How much importance do we attach to blessings that we receive from others? How seriously do we take them? Our Sages established that "everything depends upon the one who gives the blessing and the one who receives it."
What if G-d Himself gives the blessing?
A deeper significance to the concept of blessings is found in the A-mighty's declaration to Avraham, " Veheyei berachah - You will be a blessing." This gave Avraham the Divine authority to bless anyone else he wanted, according to Rashi. The Ramban explains that Avraham became the model through whom other people blessed each other.
But there is another way to understand "Veheyei berachah." The Torah tells us that Avraham Avinu, just before his death, "gave Yitzchok all that he possessed. And to the children of his concubines, Avraham gave gifts."
But how did he give his many other children gifts, if he bequeathed it all to Yitzchak?
"All that he possessed," the Midrash writes, does not simply refer to Avraham's material wealth, but also to his spiritual wealth, his essence, his very being. Avraham's personality and demeanor, his perspective on life - these he bestowed solely upon Yitzchak. One dare not equate material riches of cattle and oil with the spiritual riches secured by Avraham and passed to Yitzchak.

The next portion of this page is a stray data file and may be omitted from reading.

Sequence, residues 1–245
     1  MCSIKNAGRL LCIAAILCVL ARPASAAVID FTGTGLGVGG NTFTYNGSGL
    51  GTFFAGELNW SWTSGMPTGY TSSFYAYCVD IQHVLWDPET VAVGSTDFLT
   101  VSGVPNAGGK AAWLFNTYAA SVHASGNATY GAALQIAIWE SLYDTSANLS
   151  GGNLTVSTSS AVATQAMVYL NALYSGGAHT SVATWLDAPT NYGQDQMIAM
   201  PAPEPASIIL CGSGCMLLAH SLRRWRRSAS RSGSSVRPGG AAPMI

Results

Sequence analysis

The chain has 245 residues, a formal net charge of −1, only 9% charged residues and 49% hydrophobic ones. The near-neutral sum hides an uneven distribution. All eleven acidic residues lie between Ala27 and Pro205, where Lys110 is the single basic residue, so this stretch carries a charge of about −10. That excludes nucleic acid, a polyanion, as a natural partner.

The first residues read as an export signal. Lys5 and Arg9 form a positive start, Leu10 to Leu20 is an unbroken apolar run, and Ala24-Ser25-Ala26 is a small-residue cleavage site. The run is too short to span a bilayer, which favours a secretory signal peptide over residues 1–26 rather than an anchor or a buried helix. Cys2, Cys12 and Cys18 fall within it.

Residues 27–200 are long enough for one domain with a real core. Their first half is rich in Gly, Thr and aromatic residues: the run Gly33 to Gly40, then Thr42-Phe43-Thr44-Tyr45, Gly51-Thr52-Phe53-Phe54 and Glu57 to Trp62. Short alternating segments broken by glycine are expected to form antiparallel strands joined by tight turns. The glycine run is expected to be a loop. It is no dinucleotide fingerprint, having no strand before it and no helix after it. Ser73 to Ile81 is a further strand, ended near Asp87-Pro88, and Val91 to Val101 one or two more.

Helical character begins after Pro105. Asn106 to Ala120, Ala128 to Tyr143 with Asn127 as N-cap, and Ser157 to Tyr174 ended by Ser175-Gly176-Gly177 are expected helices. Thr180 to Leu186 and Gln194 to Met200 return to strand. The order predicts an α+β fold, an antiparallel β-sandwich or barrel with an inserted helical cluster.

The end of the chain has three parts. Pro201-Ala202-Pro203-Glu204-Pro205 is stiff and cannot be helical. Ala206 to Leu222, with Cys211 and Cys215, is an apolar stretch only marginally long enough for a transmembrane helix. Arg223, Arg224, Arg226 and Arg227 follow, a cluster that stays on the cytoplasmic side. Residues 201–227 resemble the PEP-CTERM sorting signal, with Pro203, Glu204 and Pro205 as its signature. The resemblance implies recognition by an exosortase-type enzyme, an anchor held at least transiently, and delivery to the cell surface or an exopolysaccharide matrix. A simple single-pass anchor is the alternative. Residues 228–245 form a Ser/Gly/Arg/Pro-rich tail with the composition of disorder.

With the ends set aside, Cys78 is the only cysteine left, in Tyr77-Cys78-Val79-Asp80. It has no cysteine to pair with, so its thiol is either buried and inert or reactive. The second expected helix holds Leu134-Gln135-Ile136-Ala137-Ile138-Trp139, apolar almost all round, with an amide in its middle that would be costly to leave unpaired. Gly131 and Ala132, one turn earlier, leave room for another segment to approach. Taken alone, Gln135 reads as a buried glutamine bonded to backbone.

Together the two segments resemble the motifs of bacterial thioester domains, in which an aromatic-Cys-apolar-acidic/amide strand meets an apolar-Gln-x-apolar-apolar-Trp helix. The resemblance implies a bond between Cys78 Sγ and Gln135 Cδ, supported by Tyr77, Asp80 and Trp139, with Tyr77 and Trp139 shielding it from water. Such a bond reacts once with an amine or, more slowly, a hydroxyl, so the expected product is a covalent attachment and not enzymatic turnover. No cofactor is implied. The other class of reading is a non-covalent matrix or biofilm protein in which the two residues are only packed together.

Yaakov, too, in Parshat Vayechi, wishes to bestow blessings upon his children as a last will and testament. The Torah states, "Each man according to his blessing, he blessed them." Yaakov individualized each of his blessings for each of his sons, Rashi writes.
But Rav Yosef D. Soloveitchik, zt"l, explains that "according to his blessing" does not necessarily refer to the blessings' recipients, his sons, but could, in fact, refer to Yaakov himself. Yaakov blessed them with his blessing - that is, with his essence, with his very being.
In addition to tailoring each berachah to the personality and temperament of each of his sons, Yaakov gave them all a common berachah, one that he had received from Yitzchak, who, in turn, had received it from Avraham.
Parents have always made every effort to bless their children with estates of material wealth. Some are even judged by how much they've left for their children.
The meaning of "Veheyei berachah" shouts out to us. You will be a blessing! How much of you did you bequeath to your children? How much of your Torah and moral character, how much of your spiritual legacy will your children inherit?
Let us be sure to answer those questions.
Rabbi Yaakov Pollak
Rabbi Pollak is the Rabbi of Congregation Shomre Emunah, Brooklyn, New York.
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